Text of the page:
The Start of the High Holidays

There has been a lot of planning these past few months to hold a large, festive, multigenerational temple community picnic on Selichot. This will take place on Saturday afternoon, September 21st at 4:30pm, which is 10 days prior to Rosh Hashanah. We will have food trucks, carnival games for children of all ages, an adult learning opportunity with our very own Rabbi Yehoshua Ben Avraham, a Geniza dedication (a grave for old Jewish books and artifacts we no longer use) and age appropriate services to officially begin the Jewish High Holiday season.

While I always say I’ll take any excuse for a picnic, this one has a very specific purpose. First, one must understand what the holiday of Selichot is and why, as post-modern Jews, we should even care to celebrate.

Selichot are penitential poems and prayers, composed by our ancestors to reflect the need for repentance in our lives. But it’s not just a call for individual repentance, it is an opportunity to join with the community, to remember our obligation to be a part of something bigger than ourselves. When the Jewish community faced trouble, the leaders would call together the community to come and pray, sometimes fast (if rain was needed, or there was an impending threat) and hear the shofar blast for the first time that year. It was customary to gather around midnight, when it is dark, and use candlelight. This shows we understand our vulnerability, so we can pour out our hearts in a way that can’t necessarily be done during the day.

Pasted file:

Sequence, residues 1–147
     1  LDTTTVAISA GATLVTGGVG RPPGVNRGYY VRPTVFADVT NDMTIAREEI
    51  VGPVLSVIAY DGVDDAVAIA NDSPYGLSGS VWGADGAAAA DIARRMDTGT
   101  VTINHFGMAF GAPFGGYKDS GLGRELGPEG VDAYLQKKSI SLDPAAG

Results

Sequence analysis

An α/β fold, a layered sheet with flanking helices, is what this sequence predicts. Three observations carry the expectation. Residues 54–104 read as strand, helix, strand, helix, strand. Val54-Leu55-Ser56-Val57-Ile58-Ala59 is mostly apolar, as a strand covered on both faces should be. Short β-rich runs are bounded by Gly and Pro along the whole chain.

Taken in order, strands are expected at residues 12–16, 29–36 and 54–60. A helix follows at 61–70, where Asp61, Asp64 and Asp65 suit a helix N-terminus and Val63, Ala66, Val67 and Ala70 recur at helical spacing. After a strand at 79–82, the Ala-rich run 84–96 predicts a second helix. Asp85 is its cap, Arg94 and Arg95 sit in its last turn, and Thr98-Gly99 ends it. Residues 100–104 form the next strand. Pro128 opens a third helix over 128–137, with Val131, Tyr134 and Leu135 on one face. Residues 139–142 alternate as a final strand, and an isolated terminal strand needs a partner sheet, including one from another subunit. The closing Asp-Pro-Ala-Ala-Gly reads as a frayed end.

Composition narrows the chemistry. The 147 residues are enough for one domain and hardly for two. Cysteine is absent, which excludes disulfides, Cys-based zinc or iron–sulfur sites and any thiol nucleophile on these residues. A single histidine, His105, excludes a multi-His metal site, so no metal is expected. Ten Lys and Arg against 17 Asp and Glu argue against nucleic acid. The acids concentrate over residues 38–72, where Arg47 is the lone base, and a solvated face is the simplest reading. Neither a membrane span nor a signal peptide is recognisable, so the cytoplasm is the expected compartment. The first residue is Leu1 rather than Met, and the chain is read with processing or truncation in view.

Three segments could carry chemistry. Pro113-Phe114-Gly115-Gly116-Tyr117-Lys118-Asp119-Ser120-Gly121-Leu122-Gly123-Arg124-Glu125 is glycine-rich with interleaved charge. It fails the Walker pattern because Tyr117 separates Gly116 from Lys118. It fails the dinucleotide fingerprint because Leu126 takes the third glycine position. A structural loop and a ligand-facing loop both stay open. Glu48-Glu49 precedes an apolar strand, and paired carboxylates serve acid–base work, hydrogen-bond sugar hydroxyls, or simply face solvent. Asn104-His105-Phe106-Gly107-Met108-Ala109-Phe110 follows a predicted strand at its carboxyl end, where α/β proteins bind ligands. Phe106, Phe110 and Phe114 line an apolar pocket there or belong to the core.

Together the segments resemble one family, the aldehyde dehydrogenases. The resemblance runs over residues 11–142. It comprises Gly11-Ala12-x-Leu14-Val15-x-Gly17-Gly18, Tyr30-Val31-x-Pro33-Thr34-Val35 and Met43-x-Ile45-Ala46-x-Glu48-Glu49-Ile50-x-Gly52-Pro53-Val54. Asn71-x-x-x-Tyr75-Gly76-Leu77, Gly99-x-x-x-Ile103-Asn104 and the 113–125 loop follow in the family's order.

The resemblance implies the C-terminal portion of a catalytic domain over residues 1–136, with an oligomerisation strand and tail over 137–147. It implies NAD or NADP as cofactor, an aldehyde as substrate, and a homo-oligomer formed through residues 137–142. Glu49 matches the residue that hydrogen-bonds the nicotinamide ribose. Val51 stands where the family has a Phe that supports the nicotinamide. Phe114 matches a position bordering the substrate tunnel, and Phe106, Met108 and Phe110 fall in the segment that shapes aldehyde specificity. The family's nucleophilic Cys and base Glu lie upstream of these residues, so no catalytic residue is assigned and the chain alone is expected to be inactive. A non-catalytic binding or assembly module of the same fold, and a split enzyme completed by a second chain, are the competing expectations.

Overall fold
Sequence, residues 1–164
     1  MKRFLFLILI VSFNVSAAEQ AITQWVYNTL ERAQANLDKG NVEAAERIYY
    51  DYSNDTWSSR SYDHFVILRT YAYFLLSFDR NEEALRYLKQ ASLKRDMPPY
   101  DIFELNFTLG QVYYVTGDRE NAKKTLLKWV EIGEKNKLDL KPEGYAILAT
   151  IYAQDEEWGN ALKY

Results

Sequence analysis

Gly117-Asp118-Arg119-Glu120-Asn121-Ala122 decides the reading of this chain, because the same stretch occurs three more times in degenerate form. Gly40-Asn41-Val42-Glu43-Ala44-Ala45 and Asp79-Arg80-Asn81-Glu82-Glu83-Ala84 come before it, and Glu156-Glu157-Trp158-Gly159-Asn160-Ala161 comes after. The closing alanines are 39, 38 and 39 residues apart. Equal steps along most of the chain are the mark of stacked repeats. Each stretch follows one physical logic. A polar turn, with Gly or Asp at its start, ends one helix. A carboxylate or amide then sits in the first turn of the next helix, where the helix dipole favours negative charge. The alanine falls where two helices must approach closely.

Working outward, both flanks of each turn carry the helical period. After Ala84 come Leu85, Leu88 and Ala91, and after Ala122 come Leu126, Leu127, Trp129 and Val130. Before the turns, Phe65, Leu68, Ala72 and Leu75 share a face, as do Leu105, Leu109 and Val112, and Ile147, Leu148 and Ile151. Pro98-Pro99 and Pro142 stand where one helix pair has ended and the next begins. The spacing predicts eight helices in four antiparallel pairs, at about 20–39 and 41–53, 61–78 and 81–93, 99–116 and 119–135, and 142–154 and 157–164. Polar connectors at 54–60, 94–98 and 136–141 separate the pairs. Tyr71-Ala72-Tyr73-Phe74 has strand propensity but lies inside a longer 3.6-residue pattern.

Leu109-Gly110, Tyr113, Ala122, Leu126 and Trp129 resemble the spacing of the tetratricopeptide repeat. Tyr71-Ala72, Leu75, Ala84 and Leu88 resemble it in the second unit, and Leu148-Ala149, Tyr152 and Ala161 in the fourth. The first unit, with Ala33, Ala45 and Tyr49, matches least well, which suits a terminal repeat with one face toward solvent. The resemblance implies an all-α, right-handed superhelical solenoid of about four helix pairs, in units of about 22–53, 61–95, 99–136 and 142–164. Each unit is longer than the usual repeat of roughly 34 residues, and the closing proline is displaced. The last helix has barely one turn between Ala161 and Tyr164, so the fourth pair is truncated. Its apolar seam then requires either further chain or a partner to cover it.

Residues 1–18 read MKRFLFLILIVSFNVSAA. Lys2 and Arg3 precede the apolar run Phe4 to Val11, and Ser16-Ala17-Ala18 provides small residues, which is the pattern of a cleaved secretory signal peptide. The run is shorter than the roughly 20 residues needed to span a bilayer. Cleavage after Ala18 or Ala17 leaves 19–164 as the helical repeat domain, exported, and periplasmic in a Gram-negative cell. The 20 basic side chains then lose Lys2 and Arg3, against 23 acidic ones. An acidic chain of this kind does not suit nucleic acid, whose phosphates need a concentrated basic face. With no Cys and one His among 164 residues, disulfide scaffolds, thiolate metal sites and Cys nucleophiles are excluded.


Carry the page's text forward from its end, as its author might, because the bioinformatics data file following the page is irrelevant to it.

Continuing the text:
In modern times, meeting at midnight does not necessarily add more meaning to the holiday. In fact, for those who are not able to easily stay up late at night, holding services and festivities earlier makes it accessible to everyone. So, to have our picnic as a communal celebration is a great way to start the High Holiday process.

Second, we will be disposing of the old High Holiday prayer books that we will no longer use. Burying Jewish artifacts is the way to honor their purpose and not just throw them out. It is important to treat Jewish items that will no longer be used with dignity and respect. So, your presence is not only honoring them, but it is also a way to embrace the new changes and the new prayer book we will be using for the High Holidays going forward.